Chasing a Bowhead Whale

Artist:
Elisapee Ishulutaq, OC, See available art.
Gender:
Female
Style:
Inuit
Community:
Pangnirtung, See available art.
Art Type:
Print
Collection:
Pangnirtung 1999
Medium:
Stencil on Arches Natural paper
Edition:
Certified Limited Edition Print # 33 of 50 printed by Josea Maniapik
Size (in):
Paper (H x W): 13 ½ x 22 ¼ in
Size (cm):
Paper (H x W): 34 x 57 cm
Framed:
Not Framed, please enquire
Product ID:
10300-00120

$290.00

Available!

Description

Condition:          No condition noted.

Description by Artist:     No description by artist found.

Notes from DaVic Gallery:  ‘Chasing a Bowhead Whale’  –  Traditional Eskimo whaling of the Arctic consists of the shore-based pursuit of bowhead whales (and sometimes other species) during the spring migration in shore leads or open water passages as the winter ice begins to break up. A few communities have an opportunity to engage in fall whaling when migrating bowheads are returning to their winter grounds. Hunters in skin boats, umiaks for larger groups or kayaks as in this case, typically throw hand-held harpoons at surfacing whales, and use inflated sealskin bladders or “drags” to slow struck whales. Whales tend to float when dead and animals that were struck and killed were then towed to shore ice edges by several boats of paddlers. At the ice edge, the whale carcass was butchered, with the skin and blubber (muktuk or maktak) removed prior to sectioning the carcass and removing large amounts of meat. Meat and blubber were transported to underground ice cellars where permafrost temperatures kept the contents frozen until it was consumed. Baleen or “whalebone” (long sheets of bendable food filters hanging from the upper jaw) and bones were also removed to the hunters’ village to be used as raw materials in a number of tools and utensils.

All aspects of whaling fall under the control of ceremonial rituals and belief systems as well as customary patterns having to do with the attraction of whales to the crews, permitting themselves to be taken for food for the village, the hunting and butchering process, and the various uses to which the whale’s resources are put.

This shore-based Eskimo whaling stands in contrast to pelagic (or ocean-based) or commercial whaling. Such ship-based whaling flourished during the 17th-19th centuries. Scandinavian, Dutch, English, Scottish, and American whale fleets pursued the circumpolar bowhead stocks, first around Spitsbergen and Greenland, and later (in the 19th century) in the Canadian Arctic and the Bering Sea-Chukchi Sea regions. Oil reduced from blubber and baleen were the primary commodities produced by this worldwide whaling industry.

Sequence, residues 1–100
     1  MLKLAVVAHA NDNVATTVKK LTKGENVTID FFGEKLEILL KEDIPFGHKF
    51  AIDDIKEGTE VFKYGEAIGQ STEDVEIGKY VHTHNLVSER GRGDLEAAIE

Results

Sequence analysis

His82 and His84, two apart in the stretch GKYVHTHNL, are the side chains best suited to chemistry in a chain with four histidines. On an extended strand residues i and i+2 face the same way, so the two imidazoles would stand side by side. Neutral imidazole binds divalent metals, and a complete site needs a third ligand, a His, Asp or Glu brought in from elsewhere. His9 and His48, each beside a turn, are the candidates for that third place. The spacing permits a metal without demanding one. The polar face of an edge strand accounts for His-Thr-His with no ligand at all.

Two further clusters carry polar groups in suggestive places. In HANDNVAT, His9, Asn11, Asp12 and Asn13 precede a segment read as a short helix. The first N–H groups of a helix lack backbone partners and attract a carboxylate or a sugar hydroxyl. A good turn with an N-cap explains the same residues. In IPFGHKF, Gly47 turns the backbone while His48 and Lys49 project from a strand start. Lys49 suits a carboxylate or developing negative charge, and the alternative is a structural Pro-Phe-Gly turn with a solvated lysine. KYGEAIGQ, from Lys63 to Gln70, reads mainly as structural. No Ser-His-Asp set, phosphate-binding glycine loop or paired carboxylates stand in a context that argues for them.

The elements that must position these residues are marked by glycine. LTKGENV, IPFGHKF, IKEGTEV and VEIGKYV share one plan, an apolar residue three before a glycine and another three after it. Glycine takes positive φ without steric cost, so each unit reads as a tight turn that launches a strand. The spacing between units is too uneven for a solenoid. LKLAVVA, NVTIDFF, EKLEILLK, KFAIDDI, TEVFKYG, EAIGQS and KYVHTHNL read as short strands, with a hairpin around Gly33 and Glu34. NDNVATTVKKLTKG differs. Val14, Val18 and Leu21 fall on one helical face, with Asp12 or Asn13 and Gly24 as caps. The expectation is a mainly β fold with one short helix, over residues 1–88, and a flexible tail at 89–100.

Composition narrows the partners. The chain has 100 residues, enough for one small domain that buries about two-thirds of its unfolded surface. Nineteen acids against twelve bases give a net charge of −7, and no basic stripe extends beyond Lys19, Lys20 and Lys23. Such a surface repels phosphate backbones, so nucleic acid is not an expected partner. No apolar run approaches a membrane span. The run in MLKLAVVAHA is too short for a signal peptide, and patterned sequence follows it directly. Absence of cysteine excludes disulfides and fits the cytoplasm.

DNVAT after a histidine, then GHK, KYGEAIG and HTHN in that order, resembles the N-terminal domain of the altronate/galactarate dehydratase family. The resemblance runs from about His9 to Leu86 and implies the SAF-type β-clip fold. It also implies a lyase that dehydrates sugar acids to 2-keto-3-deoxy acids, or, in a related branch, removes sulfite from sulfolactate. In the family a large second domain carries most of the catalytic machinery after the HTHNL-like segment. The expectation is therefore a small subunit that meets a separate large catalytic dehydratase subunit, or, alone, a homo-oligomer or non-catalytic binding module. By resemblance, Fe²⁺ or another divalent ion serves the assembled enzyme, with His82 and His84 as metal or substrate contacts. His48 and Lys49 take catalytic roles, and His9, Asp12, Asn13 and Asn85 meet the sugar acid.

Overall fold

Unlike commercial ship whalers, Eskimo whalers were limited to taking whales near their villages when the animals migrated past on their annual round and primarily were seeking food through their whaling endeavors. Because of the huge quantity of meat and oil that successful whale hunting provided to a coastal village as well as the danger involved in a whale’s pursuit, whaling and whalers had special significance for such communities. The primary food source consisted of whale products, the community’s families were organized around whaling crews led by powerful and influential captains, men’s and women’s roles were defined by the parts they played in the whaling process, pan-community and intercommunity distribution of whale products tied together related and other peoples, and taboos and customary procedures gave structure to village behavior.

The basic pattern of traditional Eskimo whaling continues from the distant past into modern times, based on an unbroken lineage of whaling knowledge and skills that were handed down between the generations. While today’s Eskimo whalers have added technological advances such as bomb darts, aluminum boats (in some villages), Global Positioning Systems and two-way radios to the repertoire of whaling apparatus, the basic pattern of pursuing bowheads from shore camps during the migration season with hand-thrown harpoons, with all the accompanying dangers, has not changed. Reading the weather and carefully navigating the offshore waters reflect skills that tie the past with the present.